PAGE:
The Service Consumer is the legal entity that consumes the Service Provider (role)'s service on the basis of the Entitled Party (role)'s rights to that service. It can do so because the Service Consumer is either the same legal entity as the Entitled Party (i.e. it already has these rights), or because the Entitled Party has delegated rights to the Service Consumer
The Service Consumer is a role for which iSHARE Adherence (iSHARE) is REQUIRED.
Service Provider (role)
The Service Provider is a role that provides certain services, such as data, to a Service Consumer (role). In case the service pertains to data provisioning, the Service Provider is either the Data Owner, or has explicit consent of the Data Owner to provide the services.
The Service Provider is a role for which iSHARE Adherence (iSHARE) is REQUIRED.
Service provision is the act of providing or supplying something for consumption or use. One of the most common forms of service provision is the Data exchange.
Signing is the process of Encryption data (message, document, transaction) with the private key of the sender. It enables a receiver to confirm the Authenticity of the data. Signing also provides for Non-repudiation, so that it is ensured that a sender cannot deny having sent a message.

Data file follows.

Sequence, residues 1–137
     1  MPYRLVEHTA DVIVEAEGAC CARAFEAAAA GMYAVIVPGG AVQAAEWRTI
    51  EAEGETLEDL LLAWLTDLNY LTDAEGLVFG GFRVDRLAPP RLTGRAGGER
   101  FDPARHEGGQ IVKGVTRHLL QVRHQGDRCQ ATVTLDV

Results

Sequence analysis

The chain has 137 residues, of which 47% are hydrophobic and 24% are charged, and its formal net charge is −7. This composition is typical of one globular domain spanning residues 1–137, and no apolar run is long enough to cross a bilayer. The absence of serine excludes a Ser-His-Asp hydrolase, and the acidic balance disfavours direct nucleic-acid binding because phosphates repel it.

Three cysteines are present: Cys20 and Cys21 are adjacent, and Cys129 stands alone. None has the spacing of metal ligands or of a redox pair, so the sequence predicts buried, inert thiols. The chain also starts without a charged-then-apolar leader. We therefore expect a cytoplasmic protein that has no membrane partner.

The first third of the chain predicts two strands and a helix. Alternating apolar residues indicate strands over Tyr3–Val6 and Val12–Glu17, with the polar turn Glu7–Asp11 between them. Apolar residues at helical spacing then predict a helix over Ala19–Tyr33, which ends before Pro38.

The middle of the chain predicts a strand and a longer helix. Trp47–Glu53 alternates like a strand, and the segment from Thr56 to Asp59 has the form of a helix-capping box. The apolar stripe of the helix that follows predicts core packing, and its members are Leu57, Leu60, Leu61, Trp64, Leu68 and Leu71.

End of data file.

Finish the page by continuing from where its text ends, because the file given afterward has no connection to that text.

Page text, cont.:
In most cases, a hash of the data is encrypted. Thus, both the Integrity and the Authenticity of the data can be verified. Confirmation takes place by the receiver using the public key of the sender. The public key is contained in the digital certificate that is sent by the sender along with the signed data. The association of the key pair with the sender MUST be assured by a Certificate Authority.
Status Code / Response Code
After sending a HTTP(S) request to a server, the server responds with (among others) a Status Code which indicates the outcome of the request made to the server. A well known response is 404 Not found, indicating that the requested location or resource is not (yet) found.
TLS (Transport Layer Security) is a set of protocols that provides for secure communication in computer networks. TLS makes use of cryptography and is widely used by a variety of applications such as web browsing, email and voice-over-IP. Securing HTTP(S) communication via (among others) TLS results in the HTTP(S) protocol. Securing communication with TLS v1.2 is mandatory for all iSHARE communication.
Something that serves as a verifiable representation of some fact, e.g. an identity or entitlement.
Within iSHARE, Tokens are issued after successfully completing API requests which are then used to process the next request. For example, to access a certain service, first an access token is required. Upon receiving this access token, it can be used to request the service itself.